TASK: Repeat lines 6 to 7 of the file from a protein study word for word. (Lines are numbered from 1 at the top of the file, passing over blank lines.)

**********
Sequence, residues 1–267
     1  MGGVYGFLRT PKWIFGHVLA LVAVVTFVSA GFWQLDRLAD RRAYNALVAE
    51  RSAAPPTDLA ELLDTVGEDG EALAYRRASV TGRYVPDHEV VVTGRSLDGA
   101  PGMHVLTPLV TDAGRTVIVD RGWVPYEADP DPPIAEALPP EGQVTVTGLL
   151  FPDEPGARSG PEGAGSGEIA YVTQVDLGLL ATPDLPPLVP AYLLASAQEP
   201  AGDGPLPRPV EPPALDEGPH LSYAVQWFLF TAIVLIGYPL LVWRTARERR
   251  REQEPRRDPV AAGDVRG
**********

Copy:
   201  AGDGPLPRPV EPPALDEGPH LSYAVQWFLF TAIVLIGYPL LVWRTARERR
   251  REQEPRRDPV AAGDVRG